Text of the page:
Luigi Bosca Malbec 2017
Deep ruby red color, with aromas of ripe red fruit, spices and black pepper. The palate intensity is complemented by the softness and sweetness of tannins. Full-bodied and well structured.
Pair with grilled or broiled red meat, deer, hard cheese.
Critical AcclaimAll Vintages
If this is a sign of things to come at Luigi Bosca under Pablo Cúneo, then it’s very exciting indeed. Floral, intense and beautifully judged, with classic Altamira structure and polish, subtle oaking and fine, layered tannins.
In the village of Unzue, located in Navarra, Leoncio Arizu was born to Saturnino Arizu and Juana Uriz. The meaning of the family name would be a sign of the importance oak would have in his life, as Arizu means "oak grove". In 1890, a seven-year-old Leoncio arrived in Argentina and settled in Mendoza, where he was met by his uncle Balbino, already involved in the wine business.
The very first vineyards owned by the Arizus, had vines of European origin and were incorporated so that the winery began form in 1901. Leoncio Arizu became the manager of the family winery. A year later, the family purchased steam-powered plowing machinery and hired highly-trained personnel from England.
Leoncio Arizu married Juana Larrea in 1922. The couple would have 5 children. Saturnino Arizu, Leoncio's son, became involved in the winery. Don Leoncio Arizu passed away, and left his children his greatest heritage: His passion for wine.
Years later, Saturnino and his children began the commercialization of the wines produced by the family: Luigi Bosca, a paradigm in Argentinean wines. In 1991 the original Luigi Bosca Winery, located in Luján de Cuyo, Mendoza, was renovated and enlarged.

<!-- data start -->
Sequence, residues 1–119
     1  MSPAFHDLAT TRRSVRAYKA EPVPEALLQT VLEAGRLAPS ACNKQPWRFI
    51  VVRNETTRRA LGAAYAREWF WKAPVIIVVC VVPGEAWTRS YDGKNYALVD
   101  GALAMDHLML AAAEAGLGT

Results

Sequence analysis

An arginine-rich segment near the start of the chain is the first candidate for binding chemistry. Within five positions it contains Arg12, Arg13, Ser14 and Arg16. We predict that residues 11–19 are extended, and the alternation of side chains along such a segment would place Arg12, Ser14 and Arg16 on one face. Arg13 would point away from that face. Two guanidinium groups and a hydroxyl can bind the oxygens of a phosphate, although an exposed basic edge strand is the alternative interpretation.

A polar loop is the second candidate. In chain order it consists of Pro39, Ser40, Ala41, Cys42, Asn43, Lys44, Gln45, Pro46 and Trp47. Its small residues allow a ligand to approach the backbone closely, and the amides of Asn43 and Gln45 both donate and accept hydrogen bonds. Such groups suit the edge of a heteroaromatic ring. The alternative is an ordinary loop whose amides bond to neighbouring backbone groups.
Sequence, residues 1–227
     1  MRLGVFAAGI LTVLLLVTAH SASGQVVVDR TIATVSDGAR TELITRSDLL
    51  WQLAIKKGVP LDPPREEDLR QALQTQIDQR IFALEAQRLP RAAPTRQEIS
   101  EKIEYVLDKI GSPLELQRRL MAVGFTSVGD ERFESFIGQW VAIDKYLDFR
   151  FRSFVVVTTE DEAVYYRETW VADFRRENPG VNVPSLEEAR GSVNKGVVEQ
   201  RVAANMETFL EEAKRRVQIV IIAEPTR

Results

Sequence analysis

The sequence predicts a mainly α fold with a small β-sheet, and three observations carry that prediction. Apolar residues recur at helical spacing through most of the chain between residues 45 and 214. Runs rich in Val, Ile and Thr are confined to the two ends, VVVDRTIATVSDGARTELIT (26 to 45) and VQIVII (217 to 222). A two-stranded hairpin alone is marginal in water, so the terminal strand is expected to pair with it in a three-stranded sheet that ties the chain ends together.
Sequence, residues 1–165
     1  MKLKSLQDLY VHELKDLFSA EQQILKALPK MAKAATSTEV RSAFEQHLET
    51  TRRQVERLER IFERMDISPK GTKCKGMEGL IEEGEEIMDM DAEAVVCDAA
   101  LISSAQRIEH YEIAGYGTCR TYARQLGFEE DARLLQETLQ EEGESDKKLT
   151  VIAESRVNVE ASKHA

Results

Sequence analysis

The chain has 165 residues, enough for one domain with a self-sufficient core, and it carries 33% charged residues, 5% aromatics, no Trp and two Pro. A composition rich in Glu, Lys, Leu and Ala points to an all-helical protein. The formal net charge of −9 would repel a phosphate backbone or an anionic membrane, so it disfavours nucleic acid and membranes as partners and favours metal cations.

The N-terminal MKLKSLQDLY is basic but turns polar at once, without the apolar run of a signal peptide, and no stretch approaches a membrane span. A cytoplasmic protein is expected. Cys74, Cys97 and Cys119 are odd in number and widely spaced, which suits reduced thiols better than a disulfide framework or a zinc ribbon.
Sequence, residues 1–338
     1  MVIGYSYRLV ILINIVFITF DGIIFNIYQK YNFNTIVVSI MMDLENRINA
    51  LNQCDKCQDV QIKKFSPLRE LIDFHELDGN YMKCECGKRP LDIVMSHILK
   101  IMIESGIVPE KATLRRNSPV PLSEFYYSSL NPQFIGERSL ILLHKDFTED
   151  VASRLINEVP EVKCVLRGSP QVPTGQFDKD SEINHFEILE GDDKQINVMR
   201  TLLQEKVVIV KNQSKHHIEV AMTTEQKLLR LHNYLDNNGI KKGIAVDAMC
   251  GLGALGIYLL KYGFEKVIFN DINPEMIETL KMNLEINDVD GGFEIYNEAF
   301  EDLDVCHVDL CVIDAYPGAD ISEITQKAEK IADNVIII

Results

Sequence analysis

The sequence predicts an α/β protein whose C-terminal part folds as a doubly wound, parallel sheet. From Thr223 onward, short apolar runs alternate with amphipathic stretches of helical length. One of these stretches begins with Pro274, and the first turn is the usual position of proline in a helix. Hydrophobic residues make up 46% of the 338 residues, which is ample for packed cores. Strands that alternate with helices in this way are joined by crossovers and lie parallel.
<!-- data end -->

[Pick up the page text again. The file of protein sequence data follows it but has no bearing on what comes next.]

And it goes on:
By far the largest and best-known winemaking province in Argentina, Mendoza is responsible for over 70% of the country’s enological output. Set in the eastern foothills of the Andes Mountains, the climate is dry and continental, presenting relatively few challenges for viticulturists during the growing season. Mendoza, divided into several distinctive sub-regions, including Luján de Cuyo and the Uco Valley, is the source of some of the country’s finest wines.
For many wine lovers, Mendoza is practically synonymous with Malbec. Originally a Bordelaise variety brought to Argentina by the French in the mid-1800s, here it found success and renown that it never knew in its homeland where a finicky climate gives mixed results. Cabernet Sauvignon, Syrah, Merlot and Pinot Noir are all widely planted here as well (and sometimes even blended with each other or Malbec). Mendoza's main white varieties include Chardonnay, Torrontés, Sauvignon Blanc and Sémillon.
Celebrated for its bold flavors and supple texture, Malbec has enjoyed runaway success in Argentina since the late 20th century. The grape originated in Bordeaux, France, where it historically contributed color and tannin to blends. A French agronomist, who saw great potential for the variety in Mendoza’s hot, high-altitude landscape, brought Malbec to Argentina in 1868. Somm Secret—If you’re trying to please a crowd, Malbec is generally a safe bet with its combination of dense fruit and soft tannins.